It’s funny how things happen. For years Japan was in disarray. Deflation, high unemployment, the economy of the rising sun seemed to be suffering from permanent sunset. And yet, despite the woe from the world’s number two economy, the global economy did all right.
Now at last things are changing. It would appear that the beast known as deflation has finally been slain. The latest stats reveal a 0.6% rise in core prices over the year to May, while unemployment at 4% is at a seven year low, and the ratio of vacancies to job seekers is the highest since 1992.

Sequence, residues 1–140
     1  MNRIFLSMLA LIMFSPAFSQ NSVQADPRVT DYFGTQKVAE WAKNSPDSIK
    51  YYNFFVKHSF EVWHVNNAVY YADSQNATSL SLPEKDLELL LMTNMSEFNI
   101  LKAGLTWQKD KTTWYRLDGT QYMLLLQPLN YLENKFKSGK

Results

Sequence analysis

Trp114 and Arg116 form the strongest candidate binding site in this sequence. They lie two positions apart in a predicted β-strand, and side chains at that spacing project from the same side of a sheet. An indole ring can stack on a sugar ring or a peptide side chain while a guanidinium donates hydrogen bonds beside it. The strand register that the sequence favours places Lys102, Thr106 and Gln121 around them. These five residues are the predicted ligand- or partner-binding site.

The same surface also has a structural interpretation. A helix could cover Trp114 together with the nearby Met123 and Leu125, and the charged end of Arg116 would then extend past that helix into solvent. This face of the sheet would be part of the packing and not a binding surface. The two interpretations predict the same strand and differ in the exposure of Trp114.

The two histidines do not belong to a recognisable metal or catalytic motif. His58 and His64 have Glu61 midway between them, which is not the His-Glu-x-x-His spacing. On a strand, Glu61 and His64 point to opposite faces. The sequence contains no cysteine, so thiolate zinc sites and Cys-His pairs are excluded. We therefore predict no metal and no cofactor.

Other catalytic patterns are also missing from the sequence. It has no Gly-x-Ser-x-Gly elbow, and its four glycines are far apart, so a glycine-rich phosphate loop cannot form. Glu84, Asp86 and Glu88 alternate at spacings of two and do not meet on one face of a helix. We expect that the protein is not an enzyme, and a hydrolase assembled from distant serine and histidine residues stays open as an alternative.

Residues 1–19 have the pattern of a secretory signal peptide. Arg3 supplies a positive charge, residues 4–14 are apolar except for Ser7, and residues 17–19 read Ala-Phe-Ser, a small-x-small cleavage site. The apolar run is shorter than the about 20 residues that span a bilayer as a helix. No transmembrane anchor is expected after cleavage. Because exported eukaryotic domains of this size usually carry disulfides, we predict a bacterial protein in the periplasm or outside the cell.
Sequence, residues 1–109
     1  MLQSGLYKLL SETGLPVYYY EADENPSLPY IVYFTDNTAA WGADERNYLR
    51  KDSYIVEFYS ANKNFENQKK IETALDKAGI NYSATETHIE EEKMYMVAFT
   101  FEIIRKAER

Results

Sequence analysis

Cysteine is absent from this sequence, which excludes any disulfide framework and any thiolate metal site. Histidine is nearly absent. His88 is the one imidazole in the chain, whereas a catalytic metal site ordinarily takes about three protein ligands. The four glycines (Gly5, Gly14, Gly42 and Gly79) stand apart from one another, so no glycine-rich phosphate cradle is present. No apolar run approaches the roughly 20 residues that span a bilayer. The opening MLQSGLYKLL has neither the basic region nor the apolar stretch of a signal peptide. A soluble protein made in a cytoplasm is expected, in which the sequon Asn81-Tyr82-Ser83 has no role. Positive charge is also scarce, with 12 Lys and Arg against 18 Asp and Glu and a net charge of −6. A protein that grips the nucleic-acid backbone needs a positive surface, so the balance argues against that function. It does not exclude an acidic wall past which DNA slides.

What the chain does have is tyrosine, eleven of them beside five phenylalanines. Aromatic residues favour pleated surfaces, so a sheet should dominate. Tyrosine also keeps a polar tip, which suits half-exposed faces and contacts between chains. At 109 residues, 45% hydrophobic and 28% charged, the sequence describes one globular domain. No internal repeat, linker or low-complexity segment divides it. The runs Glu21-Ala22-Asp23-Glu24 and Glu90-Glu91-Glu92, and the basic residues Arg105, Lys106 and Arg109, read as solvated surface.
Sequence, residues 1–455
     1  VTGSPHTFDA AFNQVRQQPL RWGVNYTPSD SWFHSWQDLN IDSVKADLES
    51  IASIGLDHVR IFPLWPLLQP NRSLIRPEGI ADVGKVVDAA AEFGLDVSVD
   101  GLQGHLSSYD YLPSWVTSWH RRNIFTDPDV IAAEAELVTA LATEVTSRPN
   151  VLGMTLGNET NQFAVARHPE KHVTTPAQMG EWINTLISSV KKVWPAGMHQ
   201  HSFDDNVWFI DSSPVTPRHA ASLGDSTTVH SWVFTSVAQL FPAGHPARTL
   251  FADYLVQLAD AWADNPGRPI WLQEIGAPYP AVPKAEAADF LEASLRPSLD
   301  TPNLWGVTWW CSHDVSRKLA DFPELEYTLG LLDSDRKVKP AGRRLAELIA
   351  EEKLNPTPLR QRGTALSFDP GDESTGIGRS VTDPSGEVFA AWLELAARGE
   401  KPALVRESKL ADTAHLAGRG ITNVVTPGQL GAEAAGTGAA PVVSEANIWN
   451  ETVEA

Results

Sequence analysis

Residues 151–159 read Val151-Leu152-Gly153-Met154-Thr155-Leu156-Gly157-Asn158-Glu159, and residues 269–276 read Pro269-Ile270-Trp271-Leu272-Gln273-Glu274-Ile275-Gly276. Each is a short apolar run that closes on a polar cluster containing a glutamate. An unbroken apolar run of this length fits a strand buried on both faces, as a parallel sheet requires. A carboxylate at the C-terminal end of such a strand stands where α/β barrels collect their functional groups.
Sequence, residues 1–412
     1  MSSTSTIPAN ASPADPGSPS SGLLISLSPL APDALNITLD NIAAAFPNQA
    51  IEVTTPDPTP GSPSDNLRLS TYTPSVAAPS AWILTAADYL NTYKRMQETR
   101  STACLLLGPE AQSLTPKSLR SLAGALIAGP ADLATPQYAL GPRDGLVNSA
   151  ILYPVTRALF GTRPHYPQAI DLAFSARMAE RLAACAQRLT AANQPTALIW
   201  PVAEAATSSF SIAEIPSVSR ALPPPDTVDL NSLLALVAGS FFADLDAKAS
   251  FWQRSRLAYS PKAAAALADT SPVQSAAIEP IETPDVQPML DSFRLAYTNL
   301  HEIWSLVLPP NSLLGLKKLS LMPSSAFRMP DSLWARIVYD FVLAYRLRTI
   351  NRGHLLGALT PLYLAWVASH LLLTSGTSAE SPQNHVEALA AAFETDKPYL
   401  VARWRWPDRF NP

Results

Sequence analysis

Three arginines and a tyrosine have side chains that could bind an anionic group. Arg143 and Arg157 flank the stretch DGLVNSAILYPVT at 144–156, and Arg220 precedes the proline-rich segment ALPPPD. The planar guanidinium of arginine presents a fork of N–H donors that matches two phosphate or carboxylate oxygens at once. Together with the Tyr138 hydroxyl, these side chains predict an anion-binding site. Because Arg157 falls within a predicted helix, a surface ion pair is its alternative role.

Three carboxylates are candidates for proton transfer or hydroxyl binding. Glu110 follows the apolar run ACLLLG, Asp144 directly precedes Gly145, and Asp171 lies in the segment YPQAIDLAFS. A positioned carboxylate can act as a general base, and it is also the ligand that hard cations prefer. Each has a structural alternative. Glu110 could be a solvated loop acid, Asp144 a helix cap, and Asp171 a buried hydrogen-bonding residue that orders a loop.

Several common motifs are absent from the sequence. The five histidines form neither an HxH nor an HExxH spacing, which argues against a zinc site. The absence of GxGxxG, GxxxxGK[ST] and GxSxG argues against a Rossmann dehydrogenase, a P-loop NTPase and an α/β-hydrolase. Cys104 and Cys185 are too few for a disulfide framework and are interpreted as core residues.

And yet, recovering Japan is a part of the problem we have seen over the last six weeks. For, with the outlook improving, the Bank of Japan is expected to start hiking rates soon.
This is a particular problem because of what’s called the carry trade. This is where people borrow from Japan at next to nothing interest, and lend abroad at a much higher rate. Some believe this practice is behind the ever growing level of credit that is available, and they fear that higher interest in Japan will lead to tougher mortgage lending criteria, with a possible fall in house prices across the Anglo Saxon world.
© Investment & Business News 2013